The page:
Would You Wear Glasses?

October 18, 2018.  Glasses have been in the news lately.  Do you wear glasses?  I do, and since I love to see where I’m going, I wouldn’t be without them.  So what’s new with glasses?

If you enjoy going to the movies, then you may have noticed that on PEI they have a closed captioning system you can ask for when you buy your ticket.  This little device sits in the cup holder and you can then swivel your head back and forth between what’s on the big screen and then down to the cup holder to see what is being said.  It works.

In many other places, there are closed captioning screens on either side of the big screen.  If you go to an opera, then you know what I’m talking about.  The opera is sung in one language, with surtitles displayed in the language of the audience (ie English) so you know what the singers are saying.

Now you can borrow Smart Caption Glasses that operate like 3-D.  You look at the big screen at the movies, and the closed captioning is displayed right in front of your very eyes.  No need to swivel your head, as the captions are right in your line of vision!  See https://hackaday.com/2018/10/14/glasses-for-the-hearing-impaired/ for more information and watch a short video (which has closed captioning).  Absolutely fascinating!

That’s the future, and it’s an exciting one that makes the world become more inclusive.  However, there is a long way to go, as I found out in an article I recently read in The Economist.  In parts of Asia, there are many people who earn their living not by receiving a wage, but by doing piecework.  One example used is that of people working in a garment factory who are paid by each piece successfully completed.  My maternal grandmother worked in a garment factory, so the article caught my attention.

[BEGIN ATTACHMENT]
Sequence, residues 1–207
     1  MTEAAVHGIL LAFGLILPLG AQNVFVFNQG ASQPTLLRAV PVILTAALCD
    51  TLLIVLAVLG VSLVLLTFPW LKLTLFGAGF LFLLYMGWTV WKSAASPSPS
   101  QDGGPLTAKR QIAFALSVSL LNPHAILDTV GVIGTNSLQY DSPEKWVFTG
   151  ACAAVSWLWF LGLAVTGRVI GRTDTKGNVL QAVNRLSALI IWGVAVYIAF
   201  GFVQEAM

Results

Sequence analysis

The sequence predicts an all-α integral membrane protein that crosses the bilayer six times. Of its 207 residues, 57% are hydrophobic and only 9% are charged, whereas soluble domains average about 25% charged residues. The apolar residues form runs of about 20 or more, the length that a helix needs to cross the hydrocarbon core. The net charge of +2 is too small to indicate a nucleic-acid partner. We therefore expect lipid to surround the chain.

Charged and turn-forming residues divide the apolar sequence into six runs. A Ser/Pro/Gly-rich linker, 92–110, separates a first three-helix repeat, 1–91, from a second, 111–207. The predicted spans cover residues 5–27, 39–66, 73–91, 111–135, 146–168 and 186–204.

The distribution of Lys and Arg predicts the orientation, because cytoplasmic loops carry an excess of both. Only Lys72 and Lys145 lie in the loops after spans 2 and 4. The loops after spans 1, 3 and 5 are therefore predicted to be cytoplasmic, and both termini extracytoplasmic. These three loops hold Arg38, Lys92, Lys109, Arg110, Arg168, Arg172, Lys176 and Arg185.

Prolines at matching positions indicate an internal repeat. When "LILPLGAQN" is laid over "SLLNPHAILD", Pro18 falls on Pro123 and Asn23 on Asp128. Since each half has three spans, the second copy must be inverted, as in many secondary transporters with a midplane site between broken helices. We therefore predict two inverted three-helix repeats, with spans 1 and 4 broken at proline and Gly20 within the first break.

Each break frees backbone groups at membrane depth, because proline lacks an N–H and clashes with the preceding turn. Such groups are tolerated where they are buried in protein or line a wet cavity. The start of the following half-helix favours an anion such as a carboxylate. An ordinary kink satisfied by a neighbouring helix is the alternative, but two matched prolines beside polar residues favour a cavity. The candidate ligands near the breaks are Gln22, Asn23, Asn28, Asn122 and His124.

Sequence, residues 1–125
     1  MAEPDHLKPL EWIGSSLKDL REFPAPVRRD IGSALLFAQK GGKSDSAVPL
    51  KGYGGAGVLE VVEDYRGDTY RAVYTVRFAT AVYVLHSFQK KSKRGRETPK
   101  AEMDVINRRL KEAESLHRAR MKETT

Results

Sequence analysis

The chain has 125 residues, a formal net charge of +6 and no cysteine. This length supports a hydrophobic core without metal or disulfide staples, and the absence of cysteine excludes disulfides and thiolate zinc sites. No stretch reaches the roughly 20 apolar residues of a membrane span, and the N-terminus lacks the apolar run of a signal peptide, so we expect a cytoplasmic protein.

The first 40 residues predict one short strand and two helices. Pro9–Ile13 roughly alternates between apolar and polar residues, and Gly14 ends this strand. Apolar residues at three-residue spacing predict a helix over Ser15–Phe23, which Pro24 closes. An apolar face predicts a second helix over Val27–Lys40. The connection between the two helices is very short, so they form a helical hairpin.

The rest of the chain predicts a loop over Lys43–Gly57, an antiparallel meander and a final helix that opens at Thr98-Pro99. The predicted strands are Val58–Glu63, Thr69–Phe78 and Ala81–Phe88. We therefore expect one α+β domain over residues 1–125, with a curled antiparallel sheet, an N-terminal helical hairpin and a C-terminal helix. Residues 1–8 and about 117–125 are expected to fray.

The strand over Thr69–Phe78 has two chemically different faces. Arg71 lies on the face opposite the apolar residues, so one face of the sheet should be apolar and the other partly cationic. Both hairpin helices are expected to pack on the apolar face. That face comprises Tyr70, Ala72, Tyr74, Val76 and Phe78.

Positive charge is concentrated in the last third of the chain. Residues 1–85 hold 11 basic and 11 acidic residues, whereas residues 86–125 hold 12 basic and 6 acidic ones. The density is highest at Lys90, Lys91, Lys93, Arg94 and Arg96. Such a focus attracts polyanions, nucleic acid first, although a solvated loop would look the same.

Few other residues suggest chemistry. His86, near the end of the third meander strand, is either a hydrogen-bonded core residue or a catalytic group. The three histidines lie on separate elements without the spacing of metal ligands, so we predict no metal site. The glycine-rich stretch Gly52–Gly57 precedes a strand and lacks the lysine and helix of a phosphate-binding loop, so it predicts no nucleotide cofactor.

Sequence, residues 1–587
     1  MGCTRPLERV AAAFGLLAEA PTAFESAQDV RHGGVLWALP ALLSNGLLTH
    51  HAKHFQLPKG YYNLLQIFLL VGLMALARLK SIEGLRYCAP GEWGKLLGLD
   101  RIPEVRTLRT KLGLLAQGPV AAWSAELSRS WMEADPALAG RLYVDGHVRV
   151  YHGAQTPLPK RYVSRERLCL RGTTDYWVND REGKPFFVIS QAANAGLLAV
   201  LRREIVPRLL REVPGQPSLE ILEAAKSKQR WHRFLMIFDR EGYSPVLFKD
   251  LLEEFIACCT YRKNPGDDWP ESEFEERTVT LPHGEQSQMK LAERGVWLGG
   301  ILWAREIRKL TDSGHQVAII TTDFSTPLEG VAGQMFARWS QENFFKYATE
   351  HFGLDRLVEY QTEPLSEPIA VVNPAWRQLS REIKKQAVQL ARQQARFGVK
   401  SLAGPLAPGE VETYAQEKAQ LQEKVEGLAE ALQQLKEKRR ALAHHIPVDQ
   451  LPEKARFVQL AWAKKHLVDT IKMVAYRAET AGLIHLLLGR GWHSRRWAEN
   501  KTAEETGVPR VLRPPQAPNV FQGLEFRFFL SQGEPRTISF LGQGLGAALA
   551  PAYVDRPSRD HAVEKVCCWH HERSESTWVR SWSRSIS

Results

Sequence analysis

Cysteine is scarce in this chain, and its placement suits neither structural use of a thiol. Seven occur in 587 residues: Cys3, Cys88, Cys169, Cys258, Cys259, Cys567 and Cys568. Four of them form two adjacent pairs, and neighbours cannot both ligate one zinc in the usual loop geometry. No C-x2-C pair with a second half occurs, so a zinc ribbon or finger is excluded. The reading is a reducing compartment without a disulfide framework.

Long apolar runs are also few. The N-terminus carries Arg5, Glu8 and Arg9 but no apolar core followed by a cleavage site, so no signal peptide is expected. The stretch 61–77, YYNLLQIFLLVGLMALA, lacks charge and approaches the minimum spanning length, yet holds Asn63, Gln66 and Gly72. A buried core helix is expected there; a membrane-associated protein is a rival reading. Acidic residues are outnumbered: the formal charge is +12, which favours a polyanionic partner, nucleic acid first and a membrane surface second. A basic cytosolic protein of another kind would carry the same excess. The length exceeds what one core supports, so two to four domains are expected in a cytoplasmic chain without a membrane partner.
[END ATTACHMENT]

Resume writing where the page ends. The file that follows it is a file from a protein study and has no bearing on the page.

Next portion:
Here’s what the gist of the article was about…..Older adults, whose vision is no longer as good as it once was, are not able to be as productive because they can’t see well.  The solution? Give them a pair of glasses.  For those who accepted the glasses, productivity increased by 39%.  A no-brainer, you’d think, right?  If being able to see increases your earnings, wouldn’t you want a pair of glasses?

The problem?  Many people don’t want to wear glasses!  They think it makes them look ‘ugly’! Some countries have regulatory hurdles, where glasses can only be provided by licenced practitioners. No going to the local pharmacy or dollar store for a pair of ‘readers’.  Read the article for yourself at https://www.economist.com/science-and-technology/2018/08/02/wear-glasses-earn-more.

The Economist article made me think of how many of us avoid dealing with hearing loss.  We pretend we can hear fine, we avoid going out as often, and we can find it difficult to adjust to the fact that hearing aids and other assistive listening devices are now part of our lives.  With all the new tools and research coming out, we should be embracing how lucky we are to be living at a time when so many people are trying to help and find solutions!

Do you have a hearing loss story to share?  Email us at hearpei@gmail.com or comment on our blogYou can also follow us on Twitter: @HearPEI.

Don’t miss our upcoming events: